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Point per dollar a telling stat
Who is the priciest point producer for SJ
11/15/15 - By Mike Lee -

As Sharks hit the corner pole of the 2015 season I thought I'd take a look at some of the performance numbers that we've seen from players through the first 17 games of the season in an attempt to try and identify where the Sharks may be deriving some true value. I decided to look at point production for each player in context to their salary this season. Separating the forwards from the defenseman of course. Would it be of any interest to see how each player's point output corresponds to their salary this season?

The equation is a pretty rudimentary one. Simply take their 2015-16 salary and divide the number of points each respective player has recorded for the Sharks this season.

The whole point of the exercise is to see where there may be some value in terms of point production coming from players who don't necessarily command the big salaries the season. How do the big money guys compare to the lower salaried players when it comes to point production?

Let's start by eliminating players that haven’t had the opportunity to produce, because they haven’t played in enough games. Logan Couture has only played in three games this season, so his lone assist would look ugly if you simply divide salary by points. That’s a $6,000,000 assist for crying out loud. So guys like Couture and Melker Karlsson get a pass.

So where are the pain points.

Surprisingly, Joe Thornton isn’t the priciest player on the Sharks roster. He’s third.

Based on 2015 salaries, Mike Brown holds the distinction of producing the most expensive point for the Sharks the season. His lone goal essentially equates to a $1.25 tally. Brown has played in 16 games for San Jose this season and in fairness to him, has amassed 27 penalty minutes, but if you're only applying points for salary Brown becomes the priciest player on the San Jose roster.

Now things get interesting. Beleaguered trade rumor monger Patrick Marleau comes in as the priciest Sharks regular. His 10 points this season come to a $650,000 per point price tag. His $6,500,000 contract make it easy to pick on him. This wasn’t intended to be another recruiting party for the he-man Marleau haters club. It’s simply a simple excercise, intended to see how dollars are applied to points. Joe Thornton is a close third behind Brown and Maleau, racking up a cool $613,000 per point cost this season.

Tommy Wingels comes in at fourth for the Sharks. Is five points this season net a $495,000 per point price tag.

Again, this wasn't intended to be a another swipe at Marleau, but his contract does come into play when it comes to any type of trade rumor. Marleau in on the wrong side of 35 and his production has decreased over the last three seasons.. Thorton is not exempt from this issue either, as he commands the biggest salary on the club, yet his point production is certainly not as economical as a Thomas Hertl or Joel Ward.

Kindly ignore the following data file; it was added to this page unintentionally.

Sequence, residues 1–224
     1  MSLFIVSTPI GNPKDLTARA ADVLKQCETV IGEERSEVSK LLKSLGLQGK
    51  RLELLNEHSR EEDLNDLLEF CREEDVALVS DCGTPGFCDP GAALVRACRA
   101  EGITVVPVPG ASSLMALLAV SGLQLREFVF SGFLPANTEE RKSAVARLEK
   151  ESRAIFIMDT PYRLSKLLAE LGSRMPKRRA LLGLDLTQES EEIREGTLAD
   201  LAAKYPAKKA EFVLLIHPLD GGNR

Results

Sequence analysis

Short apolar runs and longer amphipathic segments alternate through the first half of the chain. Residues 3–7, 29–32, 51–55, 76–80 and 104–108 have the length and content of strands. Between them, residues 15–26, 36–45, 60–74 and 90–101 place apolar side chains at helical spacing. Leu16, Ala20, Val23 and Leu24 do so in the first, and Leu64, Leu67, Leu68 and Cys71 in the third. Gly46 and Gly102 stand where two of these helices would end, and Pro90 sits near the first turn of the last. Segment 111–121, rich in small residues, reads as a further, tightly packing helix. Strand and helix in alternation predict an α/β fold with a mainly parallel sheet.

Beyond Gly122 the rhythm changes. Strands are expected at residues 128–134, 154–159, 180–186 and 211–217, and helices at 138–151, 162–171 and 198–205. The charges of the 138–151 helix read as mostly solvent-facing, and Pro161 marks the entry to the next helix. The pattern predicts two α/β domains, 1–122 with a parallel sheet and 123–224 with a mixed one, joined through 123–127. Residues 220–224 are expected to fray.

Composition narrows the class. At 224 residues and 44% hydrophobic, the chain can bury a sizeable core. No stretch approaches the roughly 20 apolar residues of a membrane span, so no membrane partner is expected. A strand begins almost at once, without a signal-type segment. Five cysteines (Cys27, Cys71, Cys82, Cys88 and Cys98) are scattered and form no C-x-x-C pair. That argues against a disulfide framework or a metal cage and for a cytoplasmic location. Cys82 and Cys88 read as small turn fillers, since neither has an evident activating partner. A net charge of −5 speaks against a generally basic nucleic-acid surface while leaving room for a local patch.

Hertl comes in as the bargain basement deal for San Jose thus far. His nine points are costing the Sharks roughly $102,000 per point this season. That's a sixth of the cost for a Marleau or Thornton.

Now take all of these numbers and throw them out the window. There are many factors that go into why and how an NHL team wins hockey games. There are intangibles beyond point production. There are leadership factors that go into how a team wins or loses. None of these things can be determined directly from a player salary.

But then I ask, do players like Marleau and Thornton exemplify a player that has all those intangibles. If you’re playing game 7 of the Stanley Cup Finals, are those the two guys you entrust with your season.

San Jose did that the season before last, and it ended in one of the most colossal implosions in NHL history. So is losing either of these guys really the worst thing that can happen to this franchise?

There’s no doubt that players like Marleau and Thornton can be world beaters when they bring their A games. The problem is, those A games tend not to show up when it matters the most. San Jose used to rely on these two to in order to trudge through the long and arduous NHL season. Once the playoffs started, it was anyone’s game to win or lose.

Ten years of failure in the playoffs seem to be a pretty clear indication that they weren’t cut out for the task. So if they can’t even get you to the playoffs, I ask what’s the point of burning through more than $12 million on two players that can’t even set you up for a playoff run, much less make a run once the second season begins.

If Marleau and Thornton hold any value with GMs around the league, Doug Wilson needs to figure out how to pair their value with those teams. Get something that will position the Sharks for a course correction and the opportunity to be competitive sooner than later.

Waiting out their contract as their skill decline just seems like a slow and agonizing way to keep the Sharks mired in limbo.


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